One of the most interesting questions that I ever received during a job interview was from an ad agency. The question was “Talk to me about a trend…” Of course, there were obvious trends that I could have talked about: the baby shortage, the aging population, and obesity. I can’t remember my answer at the time, but the question stuck with me. Tonight, I will comment on something that impacts the obvious trends.
It was 19 something
When I was a kid growing up in the 70s and 80s, I remember racing my wagon down steep hills, building forts which were later used as defensive empires in mud-ball flights, swinging from ropes of the tallest trees, amassing giant artilleries of snowballs to be used in snowball fights, jumping off cliffs on motor bikes and bmxing off ramps. I remember traveling in the back of my parent’s wood-grained-panel station wagon (where there was no seat), sitting in between my parents in the front of our old Ford where there was no seatbelt, and cuddling with our sick dog on the way to the vet. I remember lighting firecrackers to blow up ant hills, playing organized ice hockey in -40 outdoor stadiums and competing hard to make hockey teams. Some times I made it, sometimes I didn’t. But, along the way, I collected my share of scrapes and a lot of bruises - but they all forge an extremely happy collective of my childhood. Even the bloodiest moments would end up well because of a loving hug from my mother, a “This is what it takes to be a man, son” command from my dad – or a cup of hot chocolate from my grandmother.
We’re now in 2010. I don’t need to say a lot has changed but I will say that a lot of the trend lines are absurd. Schools have been on the attack against basic child-hood games. Dodge-ball, tag , soccer, and even balls have been banned from school yards. Sparklers have banned from public places. There are movements to assign warning labels to Coca-Cola, Big Macs, and iPhones. Law suits are sure to follow. There are campaigns to ban preservatives on apples. There are fines for not wearing a bike helmet (1,2) or riding in a car without a seatbelt. By today’s standards, most of my family’s trips of the past would have been illegal.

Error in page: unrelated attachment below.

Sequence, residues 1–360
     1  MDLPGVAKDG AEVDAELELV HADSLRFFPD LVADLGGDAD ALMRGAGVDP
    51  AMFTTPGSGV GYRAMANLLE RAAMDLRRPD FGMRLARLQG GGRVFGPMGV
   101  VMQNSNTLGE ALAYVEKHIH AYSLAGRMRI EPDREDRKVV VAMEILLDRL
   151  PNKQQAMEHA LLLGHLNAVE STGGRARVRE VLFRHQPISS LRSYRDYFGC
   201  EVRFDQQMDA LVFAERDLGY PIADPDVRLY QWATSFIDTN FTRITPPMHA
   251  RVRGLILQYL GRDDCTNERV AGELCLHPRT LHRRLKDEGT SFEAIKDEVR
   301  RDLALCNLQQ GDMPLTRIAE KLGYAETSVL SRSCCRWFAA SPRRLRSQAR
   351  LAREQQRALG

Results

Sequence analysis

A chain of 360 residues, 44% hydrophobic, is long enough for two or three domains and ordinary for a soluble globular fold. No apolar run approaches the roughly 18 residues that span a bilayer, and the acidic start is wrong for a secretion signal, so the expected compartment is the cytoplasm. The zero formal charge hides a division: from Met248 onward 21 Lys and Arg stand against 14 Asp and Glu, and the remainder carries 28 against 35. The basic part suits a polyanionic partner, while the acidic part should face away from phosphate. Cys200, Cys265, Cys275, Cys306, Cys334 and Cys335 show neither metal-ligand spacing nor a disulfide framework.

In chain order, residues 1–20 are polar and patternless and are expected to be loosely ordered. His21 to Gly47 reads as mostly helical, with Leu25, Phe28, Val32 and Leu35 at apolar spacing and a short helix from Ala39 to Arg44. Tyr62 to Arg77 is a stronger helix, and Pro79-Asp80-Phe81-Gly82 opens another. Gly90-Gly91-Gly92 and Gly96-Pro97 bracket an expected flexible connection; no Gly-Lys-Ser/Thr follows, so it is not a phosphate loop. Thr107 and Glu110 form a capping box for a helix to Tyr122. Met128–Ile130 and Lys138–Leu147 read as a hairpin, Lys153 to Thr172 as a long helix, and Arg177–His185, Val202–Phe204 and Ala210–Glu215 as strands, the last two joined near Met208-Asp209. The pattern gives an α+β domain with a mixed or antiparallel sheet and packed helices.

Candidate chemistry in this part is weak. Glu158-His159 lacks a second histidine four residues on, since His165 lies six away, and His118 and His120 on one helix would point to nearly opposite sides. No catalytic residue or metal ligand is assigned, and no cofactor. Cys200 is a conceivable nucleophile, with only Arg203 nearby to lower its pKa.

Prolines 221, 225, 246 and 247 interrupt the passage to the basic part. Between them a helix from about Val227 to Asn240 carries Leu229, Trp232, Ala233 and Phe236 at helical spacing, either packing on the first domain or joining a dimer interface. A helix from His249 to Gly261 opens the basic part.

So what are the implications of this? We’re becoming society of sissies and driven by fear. Kids’ favorite games have been taken away from them resulting in less exercise and more inside time. Instead of playing dodge-ball, a lot of kids are dodging fiery bullets in bloody, violent video games. Instead of competing and learning how to be gracious winners and losers on a soccer field, kids ain’t doing what kids ought to be doing. Worse yet, kids become conditioned to accept the big brother mindset on things that are incongruent with their nature.
But, this trend of “big brother knows best” has a lot of far reaching implications. Just think what a simple regulation on mandatory child restraint seats means to a new family. To have a 3rd child, the family requires larger cars for transport- which is a financial tax on having an extra child- exacerbating our already low birth rate. This, in turn, has implications on the nation’s aggregate future tax base which impacts social policies for dealing with our aging population. And what about warning labels and bans? Well, reduce the preservative and the supply of available apples will go down - driving up prices. Of course this will affect the poor and working classes disproportionately while the affluent shift to organics. All of these rules are part of the "big brother knows best" mindset. But as long we do not resist this mentality, we become compliant in its issue - and complacent on regulations that intrude on individual freedoms and personal responsibilities. We accept laws that limit choice and by "being boiled slowly" (starting in our school system), we get sissified, and lose our gumption to resist attacks on individual freedoms and personal responsibilities. These are precisely the values that our ancestors shed blood to defend.